Flying

Bench Testing 

Assembly was completed in three evenings. When the last component was screwed in place, I connected up the battery, switched on the Tx and… disaster (well, almost)! The main rotors immediately spun up and I watched in horror as the Piccolo edged off the workbench with rotor blades flailing and then fell in a heap of ball joints on the workshop floor.

Well much to my amazement nothing broke – the ball links simply un-balled themselves. The main problem was finding the rotor bearings which had been flung to opposite ends of the workshop.

The cause was interference from a nearby fluorescent lamp. I learnt some useful safety lessons:

  1. Disengage the main motor pinion before your first bench test. Do this by simply pushing the rotor head down firmly, so the silicone sleeve slides up the shaft. Check the sense of the throttle stick v. the Piccoboard, only then should you  re-engage the pinion.
  2. Always check your throttle lever is at low throttle before you switch on
  3. Always switch the Tx on first!

Setting Up

Before the first flight, take a few minutes to take stock of things and check your setup: 

  • The swashplate must follow the stick, i.e. forward on the stick and the swashplate tips forward. The instructions are a bit vague about this, if you just follow your aerodynamic instincts without taking into account gyroscopic lag, your swashplate will end up 90 degrees out of phase. Been there, done that!

  • Balance the model fore/aft by holding the rotor head with the rotors at 90 to the body. Shifting the battery pack until it balances level.
  • To start with place some balsa packing under the left skid as recommended in the instructions, this makes takeoffs much easier until you get used to the leftways drift. The model must in any case fly with a slight right-side tilt to counteract the sideways thrust of the tail rotor.

In Training Mode
Note trainer gear - carbon rod and ping balls. Canopy removed for first flights
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Test flights

My living room offered a suitable space about 12 ft * 15 ft with a wooden floor, and I would not suggest anything much smaller than that. I spent the first "flights" just getting the trims and mixing right without lifting off. Gradually the model started scuttling around in ground effect, like a demented crab.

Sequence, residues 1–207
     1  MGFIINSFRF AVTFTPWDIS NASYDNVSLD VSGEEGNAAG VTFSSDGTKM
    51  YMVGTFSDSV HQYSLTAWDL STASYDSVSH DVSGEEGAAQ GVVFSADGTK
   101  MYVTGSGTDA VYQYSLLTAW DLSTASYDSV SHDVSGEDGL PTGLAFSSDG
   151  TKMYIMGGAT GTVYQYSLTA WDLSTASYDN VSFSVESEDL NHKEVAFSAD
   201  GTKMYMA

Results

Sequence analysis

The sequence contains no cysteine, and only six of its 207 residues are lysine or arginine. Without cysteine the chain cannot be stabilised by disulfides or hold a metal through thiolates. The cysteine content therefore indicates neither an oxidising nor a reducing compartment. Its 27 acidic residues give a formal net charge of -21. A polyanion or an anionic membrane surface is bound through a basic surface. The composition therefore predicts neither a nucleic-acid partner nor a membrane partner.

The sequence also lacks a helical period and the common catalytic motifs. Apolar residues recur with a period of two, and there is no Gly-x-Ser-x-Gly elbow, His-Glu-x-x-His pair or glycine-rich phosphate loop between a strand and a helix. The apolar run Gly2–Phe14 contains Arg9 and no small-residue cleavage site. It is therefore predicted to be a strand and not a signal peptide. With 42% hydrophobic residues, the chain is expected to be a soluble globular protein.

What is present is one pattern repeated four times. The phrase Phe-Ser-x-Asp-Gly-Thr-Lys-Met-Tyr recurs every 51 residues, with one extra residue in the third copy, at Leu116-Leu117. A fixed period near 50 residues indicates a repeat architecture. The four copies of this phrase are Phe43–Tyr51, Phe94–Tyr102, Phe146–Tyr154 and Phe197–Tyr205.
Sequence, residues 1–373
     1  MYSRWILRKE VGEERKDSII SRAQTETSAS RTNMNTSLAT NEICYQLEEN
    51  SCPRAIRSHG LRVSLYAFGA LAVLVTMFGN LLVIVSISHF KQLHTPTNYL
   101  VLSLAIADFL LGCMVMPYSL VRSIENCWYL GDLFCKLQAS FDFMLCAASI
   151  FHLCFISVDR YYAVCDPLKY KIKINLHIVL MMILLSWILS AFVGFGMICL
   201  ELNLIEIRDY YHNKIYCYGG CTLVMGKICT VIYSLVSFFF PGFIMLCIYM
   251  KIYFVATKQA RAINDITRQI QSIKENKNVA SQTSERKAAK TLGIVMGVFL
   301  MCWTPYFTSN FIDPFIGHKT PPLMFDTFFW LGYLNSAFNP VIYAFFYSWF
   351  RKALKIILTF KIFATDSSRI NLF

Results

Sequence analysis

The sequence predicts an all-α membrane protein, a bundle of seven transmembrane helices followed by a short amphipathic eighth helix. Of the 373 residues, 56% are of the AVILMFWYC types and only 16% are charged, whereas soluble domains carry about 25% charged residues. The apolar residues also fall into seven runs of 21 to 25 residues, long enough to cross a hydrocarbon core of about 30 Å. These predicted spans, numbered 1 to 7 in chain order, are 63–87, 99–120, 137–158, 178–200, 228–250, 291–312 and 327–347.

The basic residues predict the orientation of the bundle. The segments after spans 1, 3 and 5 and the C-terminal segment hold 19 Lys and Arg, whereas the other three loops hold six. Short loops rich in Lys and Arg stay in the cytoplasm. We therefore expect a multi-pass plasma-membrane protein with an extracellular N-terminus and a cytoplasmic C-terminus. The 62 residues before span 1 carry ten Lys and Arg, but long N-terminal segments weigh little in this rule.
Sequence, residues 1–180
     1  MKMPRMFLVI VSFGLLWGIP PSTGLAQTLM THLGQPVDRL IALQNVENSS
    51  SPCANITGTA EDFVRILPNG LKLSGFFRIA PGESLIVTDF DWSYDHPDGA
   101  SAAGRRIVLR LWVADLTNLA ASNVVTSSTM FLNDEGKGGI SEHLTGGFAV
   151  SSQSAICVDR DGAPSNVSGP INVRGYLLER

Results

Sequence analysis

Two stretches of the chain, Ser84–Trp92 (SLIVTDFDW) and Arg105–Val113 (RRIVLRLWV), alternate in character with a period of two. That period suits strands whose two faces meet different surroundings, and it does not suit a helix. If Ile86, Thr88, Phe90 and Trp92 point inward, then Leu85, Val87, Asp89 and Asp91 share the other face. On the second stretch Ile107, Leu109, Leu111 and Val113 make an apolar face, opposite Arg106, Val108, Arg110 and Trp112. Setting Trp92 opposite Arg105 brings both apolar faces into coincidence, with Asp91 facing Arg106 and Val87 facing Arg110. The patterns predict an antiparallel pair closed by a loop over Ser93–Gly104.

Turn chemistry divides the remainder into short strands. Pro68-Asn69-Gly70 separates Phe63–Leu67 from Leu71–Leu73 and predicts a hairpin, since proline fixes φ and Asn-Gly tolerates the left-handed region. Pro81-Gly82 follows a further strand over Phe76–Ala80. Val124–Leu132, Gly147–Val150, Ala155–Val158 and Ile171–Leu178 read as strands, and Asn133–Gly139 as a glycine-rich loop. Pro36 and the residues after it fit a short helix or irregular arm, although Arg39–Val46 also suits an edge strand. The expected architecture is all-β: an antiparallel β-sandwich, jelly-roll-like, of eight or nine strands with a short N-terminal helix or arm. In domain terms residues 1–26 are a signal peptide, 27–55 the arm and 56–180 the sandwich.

Fly, crash, re-adjust, fly etc. was the order of the day for the first several flights. However the model is remarkably tough, the main rotor just flies apart at the ball joints. Breakages are generally easily fixed with cyano. Incredible really given the amount of punishment it's received.

Gradually my flight times increased and confidence grew, and I can now fly the model quite comfortably in the living room including nose in, and slow 360-degree pirouettes in front of me.  

Some tips: 

  • During take off, get out of ground effect as quickly as you can. GE extends to about 1 ft clear air below the skids. 

  • Once in the air, adjust the trims so you can take your fingers off the sticks for a second in the hover. If the model is nicely trimmed hands off, it's a lot easier to handle.

  • A little negative exponential for pitch and roll controls seems to makes the model smoother to fly. Your mileage may vary.
  • The main shaft has a silicone tube retainer which can slip following a hard landing - the shaft should be checked after a hard landing.

Piccofly Simulator

The Piccofly simulator is a very effective training aid which I strongly recommend for rookie chopper pilots (see my review of the Piccofly sim).  With the sim I was able to practice nose-in and pirouettes without risking the model.

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